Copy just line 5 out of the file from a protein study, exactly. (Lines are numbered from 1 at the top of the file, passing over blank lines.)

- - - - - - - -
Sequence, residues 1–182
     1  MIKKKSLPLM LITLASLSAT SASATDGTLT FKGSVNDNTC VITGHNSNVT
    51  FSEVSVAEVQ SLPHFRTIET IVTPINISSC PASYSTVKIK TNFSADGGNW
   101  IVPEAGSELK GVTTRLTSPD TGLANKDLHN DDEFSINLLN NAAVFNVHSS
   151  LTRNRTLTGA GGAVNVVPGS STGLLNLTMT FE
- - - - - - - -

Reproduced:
   151  LTRNRTLTGA GGAVNVVPGS STGLLNLTMT FE